The starting point for new localism is the fact the public is becoming increasingly demanding about the quality of local services, Mr Raynsford told delegates at LGC?s CPA and People Management conference in Earls Court, London.
But he said a second strand of localism relates to councils? capacity to deliver:
?There is a reservoir of talent in councils, but the new agenda requires new skills and capabilities, which are latent in some but can be tapped.
The third strand of new localism is the range of freedoms and flexibilities now available to councils, and those in the legislative pipeline, he said.
In particular, he praised the work of the Innovation Forum, which he said ensures the shape of new freedoms is set by councils rather than being ?driven by central diktat?.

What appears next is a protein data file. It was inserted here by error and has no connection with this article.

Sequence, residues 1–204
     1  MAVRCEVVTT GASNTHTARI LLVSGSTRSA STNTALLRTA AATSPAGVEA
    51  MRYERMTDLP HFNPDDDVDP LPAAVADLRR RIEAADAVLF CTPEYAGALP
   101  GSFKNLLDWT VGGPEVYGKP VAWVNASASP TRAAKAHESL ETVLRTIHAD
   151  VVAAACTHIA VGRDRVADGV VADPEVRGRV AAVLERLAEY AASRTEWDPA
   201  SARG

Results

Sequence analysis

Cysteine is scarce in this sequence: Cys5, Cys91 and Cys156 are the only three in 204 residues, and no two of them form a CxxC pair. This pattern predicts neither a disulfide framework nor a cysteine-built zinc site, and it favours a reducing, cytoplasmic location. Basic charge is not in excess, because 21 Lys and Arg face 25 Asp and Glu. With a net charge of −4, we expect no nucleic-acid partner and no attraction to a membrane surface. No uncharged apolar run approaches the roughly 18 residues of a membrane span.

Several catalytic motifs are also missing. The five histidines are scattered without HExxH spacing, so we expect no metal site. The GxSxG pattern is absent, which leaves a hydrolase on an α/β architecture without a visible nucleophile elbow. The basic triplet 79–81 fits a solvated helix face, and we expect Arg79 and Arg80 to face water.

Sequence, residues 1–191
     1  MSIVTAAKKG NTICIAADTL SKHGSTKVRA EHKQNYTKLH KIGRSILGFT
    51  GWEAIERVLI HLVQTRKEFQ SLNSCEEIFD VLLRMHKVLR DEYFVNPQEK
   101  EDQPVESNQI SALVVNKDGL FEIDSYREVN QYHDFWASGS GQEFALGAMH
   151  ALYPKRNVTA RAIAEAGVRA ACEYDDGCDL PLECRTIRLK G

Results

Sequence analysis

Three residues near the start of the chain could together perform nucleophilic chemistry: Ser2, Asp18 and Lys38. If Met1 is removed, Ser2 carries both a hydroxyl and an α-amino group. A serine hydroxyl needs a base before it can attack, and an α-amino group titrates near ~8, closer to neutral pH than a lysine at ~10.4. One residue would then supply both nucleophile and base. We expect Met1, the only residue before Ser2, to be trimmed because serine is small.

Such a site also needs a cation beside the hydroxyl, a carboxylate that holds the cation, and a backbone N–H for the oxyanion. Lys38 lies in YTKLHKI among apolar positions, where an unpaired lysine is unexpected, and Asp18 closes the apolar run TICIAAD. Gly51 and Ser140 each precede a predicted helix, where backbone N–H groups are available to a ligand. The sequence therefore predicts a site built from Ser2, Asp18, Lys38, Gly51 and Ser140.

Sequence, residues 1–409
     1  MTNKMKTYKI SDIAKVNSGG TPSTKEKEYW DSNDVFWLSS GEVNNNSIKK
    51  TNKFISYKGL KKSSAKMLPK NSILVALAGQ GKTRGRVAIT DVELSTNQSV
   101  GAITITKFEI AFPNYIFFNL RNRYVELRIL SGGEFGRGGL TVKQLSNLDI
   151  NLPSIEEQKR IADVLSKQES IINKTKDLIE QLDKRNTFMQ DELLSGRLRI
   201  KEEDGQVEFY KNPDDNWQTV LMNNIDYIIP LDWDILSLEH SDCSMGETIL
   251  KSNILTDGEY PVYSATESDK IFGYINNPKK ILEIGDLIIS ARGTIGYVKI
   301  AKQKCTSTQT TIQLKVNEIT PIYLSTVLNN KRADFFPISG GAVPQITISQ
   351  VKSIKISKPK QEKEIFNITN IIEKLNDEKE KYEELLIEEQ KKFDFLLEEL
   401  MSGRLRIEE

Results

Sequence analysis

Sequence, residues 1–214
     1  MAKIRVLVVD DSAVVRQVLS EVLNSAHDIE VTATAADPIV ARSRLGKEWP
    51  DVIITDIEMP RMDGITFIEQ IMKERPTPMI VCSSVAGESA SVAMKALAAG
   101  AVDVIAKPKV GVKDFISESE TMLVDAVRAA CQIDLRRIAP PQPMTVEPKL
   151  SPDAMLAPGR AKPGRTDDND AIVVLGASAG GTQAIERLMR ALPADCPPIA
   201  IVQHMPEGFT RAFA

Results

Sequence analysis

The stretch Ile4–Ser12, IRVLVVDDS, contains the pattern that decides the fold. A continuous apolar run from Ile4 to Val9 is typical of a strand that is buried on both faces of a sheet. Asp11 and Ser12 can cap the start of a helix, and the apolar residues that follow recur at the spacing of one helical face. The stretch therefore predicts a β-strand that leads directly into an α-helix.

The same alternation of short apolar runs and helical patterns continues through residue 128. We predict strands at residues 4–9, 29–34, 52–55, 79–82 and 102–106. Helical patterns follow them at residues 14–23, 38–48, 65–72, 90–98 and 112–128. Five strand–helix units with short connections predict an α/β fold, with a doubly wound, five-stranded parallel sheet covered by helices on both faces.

The days in which people used council elections to reward or punish the party in power nationally were over, he added.
Judging councils on the quality of the services they provide was a good and positive trend which was ?encouraging for the new localist agenda.?
But he warned: ?That doesn?t mean we don?t need to have national standards. People don?t expect to see a postcode lottery, they want to see a good standard of service universally.?